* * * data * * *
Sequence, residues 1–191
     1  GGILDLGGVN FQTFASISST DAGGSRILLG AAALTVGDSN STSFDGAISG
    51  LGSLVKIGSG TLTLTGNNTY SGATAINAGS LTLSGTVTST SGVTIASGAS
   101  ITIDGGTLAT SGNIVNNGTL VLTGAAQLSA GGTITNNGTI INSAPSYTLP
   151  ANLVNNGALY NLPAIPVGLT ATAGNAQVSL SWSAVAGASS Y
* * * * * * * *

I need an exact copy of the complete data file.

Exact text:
Sequence, residues 1–191
     1  GGILDLGGVN FQTFASISST DAGGSRILLG AAALTVGDSN STSFDGAISG
    51  LGSLVKIGSG TLTLTGNNTY SGATAINAGS LTLSGTVTST SGVTIASGAS
   101  ITIDGGTLAT SGNIVNNGTL VLTGAAQLSA GGTITNNGTI INSAPSYTLP
   151  ANLVNNGALY NLPAIPVGLT ATAGNAQVSL SWSAVAGASS Y